So what is it to be today when Young Dave takes on all comers across the Dispatch Box? He may have to delicately bodyswerve anything on the Lib Dems – his coalition partners – and the Rennard ruckus. He’s got some moderately good unemployment numbers to deploy. Someone on the Labour benches may throw him a curve ball on Aidan Burley, which could spice things up a bit. Eyes down, look in.
After a tribute to Del Singh and Simon Chase, killed by a suicide bomber in Afghanistan, off we go with Stephen Timms on the Trussel Trust and food banks. Young Dave is well used to these: it’s expertly deflected by saying how jolly well the Trust is doing, that he’d be happy to meet with them, and that it’s equally jolly good that Job Centres advertised such facilities.
Mil The Younger wants to talk about taking Syrian refugees. Cameron says that this is the wrong question. He ought to be congratulating the PM on our Very Wonderful aid commitment. This gets nowhere, probably because in the outturn there isn’t any real disagreement. Cameron doesn’t want a fixed quota but it looks like we’ll take some on a “most vulnerable” basis. It’s all a bit lukewarm so far.
Oh look out, here come the unemployment figures, for which Miliband is comprehensively cat-called. Boo! Rubbish! Gerroff! At least we’ve got a real disagreement: Cam says tax cuts mean people are better off even if their pay has fallen. Mil says he’s complacent. Cam falls back on “Every week he comes here and asks for answers on something his lot did”.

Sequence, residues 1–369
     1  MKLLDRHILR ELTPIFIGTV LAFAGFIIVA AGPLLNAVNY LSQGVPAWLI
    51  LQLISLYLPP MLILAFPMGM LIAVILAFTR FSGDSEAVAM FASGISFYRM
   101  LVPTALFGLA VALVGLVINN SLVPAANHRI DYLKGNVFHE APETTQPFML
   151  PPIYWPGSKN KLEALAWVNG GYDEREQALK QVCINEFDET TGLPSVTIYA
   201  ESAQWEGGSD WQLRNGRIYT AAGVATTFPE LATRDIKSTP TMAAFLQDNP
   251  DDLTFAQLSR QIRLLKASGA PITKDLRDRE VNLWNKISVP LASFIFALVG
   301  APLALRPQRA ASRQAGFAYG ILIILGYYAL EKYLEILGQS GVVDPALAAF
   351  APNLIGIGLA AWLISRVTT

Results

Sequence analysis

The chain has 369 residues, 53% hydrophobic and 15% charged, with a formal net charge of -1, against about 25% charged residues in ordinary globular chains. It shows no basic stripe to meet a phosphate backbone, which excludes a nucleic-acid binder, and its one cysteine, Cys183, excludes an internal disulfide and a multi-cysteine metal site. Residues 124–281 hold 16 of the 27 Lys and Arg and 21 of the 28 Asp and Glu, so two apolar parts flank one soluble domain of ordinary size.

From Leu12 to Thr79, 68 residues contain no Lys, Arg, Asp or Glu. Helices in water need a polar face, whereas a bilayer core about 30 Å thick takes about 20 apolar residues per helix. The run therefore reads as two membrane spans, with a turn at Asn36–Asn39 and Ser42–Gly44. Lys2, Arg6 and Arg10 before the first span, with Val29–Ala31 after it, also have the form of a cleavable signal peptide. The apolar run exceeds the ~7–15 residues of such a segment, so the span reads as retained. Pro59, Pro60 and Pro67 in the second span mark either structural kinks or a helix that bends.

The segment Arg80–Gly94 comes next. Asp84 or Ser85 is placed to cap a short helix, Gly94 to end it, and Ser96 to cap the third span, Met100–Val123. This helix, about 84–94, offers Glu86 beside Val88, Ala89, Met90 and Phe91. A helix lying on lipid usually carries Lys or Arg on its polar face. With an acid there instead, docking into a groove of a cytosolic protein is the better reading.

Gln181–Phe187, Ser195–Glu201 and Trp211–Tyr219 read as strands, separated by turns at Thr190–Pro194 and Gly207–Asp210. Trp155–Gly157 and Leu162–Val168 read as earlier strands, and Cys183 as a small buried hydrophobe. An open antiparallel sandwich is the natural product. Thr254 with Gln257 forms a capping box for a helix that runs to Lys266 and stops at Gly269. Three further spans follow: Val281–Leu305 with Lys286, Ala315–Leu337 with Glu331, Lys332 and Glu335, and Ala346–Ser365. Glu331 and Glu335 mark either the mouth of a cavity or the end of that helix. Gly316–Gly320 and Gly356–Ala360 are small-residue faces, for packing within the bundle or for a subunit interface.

Just to up the volume a bit more, Miliband makes a Bullingdon Club reference and reminds Cameron that 13 million are living in poverty. Dave snaps, doubles down on his “all the last lot’s fault” routine and says his opponent is like an arsonist. All good civilised stuff. Helpfully, Duncan Hames in on hand to move questioning on to immunity from prosecution for war crimes in Syria – or not.
And in between all of this there is softball and grovelling from the Tory side. Today’s roll of shame includes Neil Parish, Simon Kirby, Chris Pincher, Mark Pawsey, Jonathan Lord, Damian Hinds, and David “TC” Davies, the last-named giving Cameron an opportunity to bash the rotten lefties running the Welsh Assembly Government. But one from his own side catches the PM out at the death.
Rob Halfon, populist Member for Harlow, asks about energy companies penalising customers – often older people – who were unable to pay their bills by Direct Debit. Dave flannels about forcing those companies to offer the cheapest tariff. But he does not answer Halfon’s point about the discrimination that results when so many still do not have a bank account. Well done Halfon.
Otherwise, nothing conclusive in the head-to-head. I do hope the next one’s better.